Evaluate a Restaurant Manager

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How to Evaluate a Restaurant Manager
Restaurant managers who receive high marks on their performance appraisals have cohesive teams,
seamless operations in the kitchen and food preparation areas, and new patrons who become
repeat customers based on the service they receive, as well as the taste and quality of the
restaurant’s dishes. Evaluating restaurant managers requires a look at the restaurant’s operations,
its patrons’ dining experiences and job satisfaction among employees.
1.
Review state and local laws for food service businesses and compare them to the restaurant’s
records to ensure the manager is adhering to safety and health regulations. State and local
government entities oversee food and beverage outlets to ensure they meet regulations for the
safety and health of customers and employees. Restaurant managers must maintain a clean
and safe working environment and sustain consistently acceptable records concerning health
and sanitation.
2.
Check the training records for employees who are permitted to serve alcohol to ensure
employees have up-to-date certifications. Restaurants that serve alcoholic beverages often are
subject to jurisdictional rules that require their servers’ maintain certification for mitigating
the establishment’s risk of liability for incidents related to inebriated patrons.
3.
Survey customers about the service and food quality; measure employee satisfaction related
to their interactions with peers as well as supervisors. Restaurant managers provide servicelevel training to front-of-house waitstaff and back-of-house kitchen staff. Service-level
training teaches employees the restaurant’s expectations for customer service. A restaurant
manager’s success is partially judged by the quality of customer service provided by the
restaurant’s waitstaff to external customers and back-of-house interaction with internal
customers. Fewer complaints lodged against the restaurant from patrons and filed by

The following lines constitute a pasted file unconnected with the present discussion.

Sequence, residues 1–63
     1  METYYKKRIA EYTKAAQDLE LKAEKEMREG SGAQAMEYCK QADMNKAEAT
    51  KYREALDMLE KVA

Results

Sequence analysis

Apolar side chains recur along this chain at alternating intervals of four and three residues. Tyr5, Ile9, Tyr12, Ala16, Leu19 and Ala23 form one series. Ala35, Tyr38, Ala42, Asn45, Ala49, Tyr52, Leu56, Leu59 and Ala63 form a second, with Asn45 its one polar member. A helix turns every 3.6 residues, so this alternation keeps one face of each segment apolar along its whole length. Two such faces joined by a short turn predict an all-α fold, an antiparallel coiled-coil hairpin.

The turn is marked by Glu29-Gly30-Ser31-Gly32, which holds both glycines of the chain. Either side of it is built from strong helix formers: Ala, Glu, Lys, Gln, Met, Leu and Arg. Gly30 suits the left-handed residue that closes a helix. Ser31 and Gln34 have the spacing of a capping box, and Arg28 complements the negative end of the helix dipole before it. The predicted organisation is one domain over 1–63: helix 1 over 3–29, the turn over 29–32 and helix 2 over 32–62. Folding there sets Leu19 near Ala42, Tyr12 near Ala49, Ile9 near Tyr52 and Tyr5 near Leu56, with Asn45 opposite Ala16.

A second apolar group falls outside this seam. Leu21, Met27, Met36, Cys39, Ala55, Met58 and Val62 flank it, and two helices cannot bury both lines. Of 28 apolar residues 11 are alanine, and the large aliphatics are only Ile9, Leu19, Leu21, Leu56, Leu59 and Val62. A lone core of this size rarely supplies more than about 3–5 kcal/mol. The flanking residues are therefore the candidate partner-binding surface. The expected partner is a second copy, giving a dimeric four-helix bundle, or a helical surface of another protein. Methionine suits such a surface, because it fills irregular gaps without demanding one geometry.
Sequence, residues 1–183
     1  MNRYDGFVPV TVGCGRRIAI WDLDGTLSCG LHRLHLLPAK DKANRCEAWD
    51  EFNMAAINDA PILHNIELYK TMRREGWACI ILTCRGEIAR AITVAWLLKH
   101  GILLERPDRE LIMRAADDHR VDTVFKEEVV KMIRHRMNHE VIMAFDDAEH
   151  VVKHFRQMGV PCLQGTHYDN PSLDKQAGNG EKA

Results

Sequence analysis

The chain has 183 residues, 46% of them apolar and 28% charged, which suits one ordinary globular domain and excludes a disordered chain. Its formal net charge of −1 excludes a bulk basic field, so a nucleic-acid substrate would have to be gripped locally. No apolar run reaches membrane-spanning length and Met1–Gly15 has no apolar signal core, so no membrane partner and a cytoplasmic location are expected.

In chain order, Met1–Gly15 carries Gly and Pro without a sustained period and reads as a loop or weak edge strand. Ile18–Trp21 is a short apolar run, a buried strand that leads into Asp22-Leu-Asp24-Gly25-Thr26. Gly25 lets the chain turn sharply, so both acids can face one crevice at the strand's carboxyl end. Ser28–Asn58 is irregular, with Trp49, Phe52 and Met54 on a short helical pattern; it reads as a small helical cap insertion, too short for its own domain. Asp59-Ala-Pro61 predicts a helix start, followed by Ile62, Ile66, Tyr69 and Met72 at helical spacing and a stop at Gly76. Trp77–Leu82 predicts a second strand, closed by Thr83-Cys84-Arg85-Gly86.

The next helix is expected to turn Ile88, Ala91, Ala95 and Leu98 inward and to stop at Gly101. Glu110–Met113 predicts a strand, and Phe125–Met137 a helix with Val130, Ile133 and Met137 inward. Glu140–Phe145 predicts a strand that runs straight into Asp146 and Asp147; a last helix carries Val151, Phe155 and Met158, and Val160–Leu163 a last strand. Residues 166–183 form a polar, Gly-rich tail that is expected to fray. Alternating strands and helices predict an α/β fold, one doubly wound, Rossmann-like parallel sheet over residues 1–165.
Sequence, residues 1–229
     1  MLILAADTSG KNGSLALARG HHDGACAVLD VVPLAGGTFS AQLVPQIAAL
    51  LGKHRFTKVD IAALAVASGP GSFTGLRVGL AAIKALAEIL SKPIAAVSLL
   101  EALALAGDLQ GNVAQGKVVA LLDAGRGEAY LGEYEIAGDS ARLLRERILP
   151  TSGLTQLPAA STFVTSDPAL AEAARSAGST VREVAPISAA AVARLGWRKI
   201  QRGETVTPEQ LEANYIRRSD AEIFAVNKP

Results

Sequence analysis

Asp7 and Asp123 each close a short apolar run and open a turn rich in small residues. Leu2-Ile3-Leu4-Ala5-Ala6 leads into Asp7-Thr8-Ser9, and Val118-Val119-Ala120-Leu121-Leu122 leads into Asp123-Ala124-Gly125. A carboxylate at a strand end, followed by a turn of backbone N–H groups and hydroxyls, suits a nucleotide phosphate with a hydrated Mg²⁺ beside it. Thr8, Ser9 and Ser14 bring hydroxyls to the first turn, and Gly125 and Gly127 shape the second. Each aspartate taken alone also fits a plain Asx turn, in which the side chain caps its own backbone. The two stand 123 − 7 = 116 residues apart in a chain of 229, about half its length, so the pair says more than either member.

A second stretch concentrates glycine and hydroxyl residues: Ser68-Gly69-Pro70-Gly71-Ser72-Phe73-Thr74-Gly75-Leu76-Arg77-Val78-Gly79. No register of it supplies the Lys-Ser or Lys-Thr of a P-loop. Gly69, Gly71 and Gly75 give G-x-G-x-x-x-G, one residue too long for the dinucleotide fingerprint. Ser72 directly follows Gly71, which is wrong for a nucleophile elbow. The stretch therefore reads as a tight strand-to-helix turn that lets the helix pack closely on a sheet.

employees, probably reflects that the restaurant manager provides effective and adequate
training and supervision.
4.
Measure restaurant traffic, the time it takes waitstaff to turn a table and the timing of food
preparation. Observe indicators of a busy restaurant, such as a crowded parking lot or long
wait time, signs of a popular eating place. These factors can be attributed to quality of food
and customer service. Maintaining a busy restaurant is a restaurant manager’s goal, because
the more patrons in and out, the more money the business makes.
5.
Calculate the restaurant’s turnover. Turnover in the restaurant business can exceed 100
percent for quick-service restaurants, but a good manager can reduce the restaurant’s
turnover. Strengthening the employer-employee relationship is a primary responsibility for
many restaurant managers. It includes giving employees the right tools to perform their job
duties or supporting employees’ goals to develop professionally through cross-training for
other positions in the restaurant. Using turnover measurements to evaluate a restaurant
manager’s performance is a reasonable expectation.
6.
Reconcile budget figures. Successful restaurant managers are evaluated on their abilities to
manage their budgets through effective marketing campaigns that require minimal cash
outlay, control labor costs and reduce unnecessary and costly purchasing. They’re able to
maximize the restaurant revenue through a combination of generating repeat business,
cultivating productive relationships with food vendors and suppliers, and adequate staffing
and workforce planning to decrease the need for excessive overtime.

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